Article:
An unusual event in the week was a staged snow ball fight. The German TV crew had a contract to do a section for a children's show. They had the basic plan of showing that at SP the snow is so cold and dry that you can't make a snow ball. This would be demonstrated by us failing to have a snow ball fight. The idea of throwing snow around sounded fun, so decided to go along for the ride. We all went outside and were told where we should put on a show. We immediately broke into a huge snow fight. Even though you can't make snow balls, the old snow is quite solidly packed. So you give it a good kick and instant chunks of snow. Some of them can be a bit solid for friendly play, so care should be exercised to stop the fight turning into a war. After some time of running around and acting wild, we stopped, completely exhausted. The TV crew announces they were ready - we should start!!! I find it hard to believe how incapable they were at doing anything in one shot. How can they call anything they do a documentary when it's all staged! By the time we were finished we could hardly walk from exhaustion, and we had stopped having fun an hour ago. But we did have some fun to start with.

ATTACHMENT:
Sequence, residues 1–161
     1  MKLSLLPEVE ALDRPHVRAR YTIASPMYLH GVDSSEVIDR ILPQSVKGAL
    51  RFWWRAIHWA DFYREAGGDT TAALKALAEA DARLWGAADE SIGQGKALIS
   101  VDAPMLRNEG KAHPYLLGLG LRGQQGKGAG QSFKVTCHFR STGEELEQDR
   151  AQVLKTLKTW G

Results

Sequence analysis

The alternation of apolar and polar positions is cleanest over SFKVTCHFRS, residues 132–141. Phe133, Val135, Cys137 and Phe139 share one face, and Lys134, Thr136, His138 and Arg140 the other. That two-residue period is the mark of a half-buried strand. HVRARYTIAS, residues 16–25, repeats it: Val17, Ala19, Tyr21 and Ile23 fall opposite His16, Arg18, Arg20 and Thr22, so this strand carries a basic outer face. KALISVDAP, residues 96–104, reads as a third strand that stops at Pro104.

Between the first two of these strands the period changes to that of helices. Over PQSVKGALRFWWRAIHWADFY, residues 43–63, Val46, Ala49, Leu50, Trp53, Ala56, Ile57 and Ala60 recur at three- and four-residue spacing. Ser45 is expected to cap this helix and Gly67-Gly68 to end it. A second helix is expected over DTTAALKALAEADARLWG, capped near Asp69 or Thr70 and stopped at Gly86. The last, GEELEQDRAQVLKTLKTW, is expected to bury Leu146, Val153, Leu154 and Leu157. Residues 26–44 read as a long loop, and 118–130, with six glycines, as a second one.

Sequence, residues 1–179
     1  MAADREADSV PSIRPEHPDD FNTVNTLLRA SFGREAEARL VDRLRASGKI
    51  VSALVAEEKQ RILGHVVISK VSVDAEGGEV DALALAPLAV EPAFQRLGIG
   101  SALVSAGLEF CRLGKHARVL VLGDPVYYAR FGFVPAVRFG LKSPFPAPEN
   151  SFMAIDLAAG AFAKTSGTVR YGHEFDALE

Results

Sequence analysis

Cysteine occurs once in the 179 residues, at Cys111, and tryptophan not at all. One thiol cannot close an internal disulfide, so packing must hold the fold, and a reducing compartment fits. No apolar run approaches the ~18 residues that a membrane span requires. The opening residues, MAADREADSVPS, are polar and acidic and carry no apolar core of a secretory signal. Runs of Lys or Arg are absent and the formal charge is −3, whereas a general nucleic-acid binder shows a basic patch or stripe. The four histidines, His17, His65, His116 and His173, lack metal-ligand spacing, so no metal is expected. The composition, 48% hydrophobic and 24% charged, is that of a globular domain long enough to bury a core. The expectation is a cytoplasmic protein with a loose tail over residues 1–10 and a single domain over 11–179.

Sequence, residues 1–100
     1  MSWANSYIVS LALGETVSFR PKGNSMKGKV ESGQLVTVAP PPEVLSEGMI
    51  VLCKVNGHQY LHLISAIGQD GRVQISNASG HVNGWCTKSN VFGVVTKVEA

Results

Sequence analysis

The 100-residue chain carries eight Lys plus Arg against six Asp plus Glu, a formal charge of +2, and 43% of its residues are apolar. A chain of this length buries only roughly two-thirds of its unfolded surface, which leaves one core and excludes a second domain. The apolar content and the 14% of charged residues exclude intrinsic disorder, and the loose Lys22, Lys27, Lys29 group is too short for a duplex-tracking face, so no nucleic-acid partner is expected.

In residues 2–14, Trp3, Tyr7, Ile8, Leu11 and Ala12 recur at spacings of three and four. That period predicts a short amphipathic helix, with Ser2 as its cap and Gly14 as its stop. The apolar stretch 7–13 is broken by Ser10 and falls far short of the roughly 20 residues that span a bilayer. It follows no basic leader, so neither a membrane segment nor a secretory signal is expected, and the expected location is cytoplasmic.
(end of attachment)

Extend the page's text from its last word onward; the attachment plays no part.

The hole for string 17 was expected to be handed over early Thursday morning, but there were problems with pumps for PICO, and it was put off until around 6am. I got a few hours sleep that day (day relative to my shift), and arrived at around 6am to help the day shift set up. I also wanted to take some photos. The setting up went fairly smooth with some minor problems - like positioning of the control shack, and winches - being over come quite easily. The hole was handed over at around 9am and modules were being installed an hour later.

I hung around for an hour or so taking photos. When I left everything was going smoothly. However there were a few things different this deployment. To supposedly increase reliability on the optical fibre connections, large pieces of rubber hose was being placed over them, and a gel was being put inside the tubes. There were also some experimental digital-analogue modules on the string.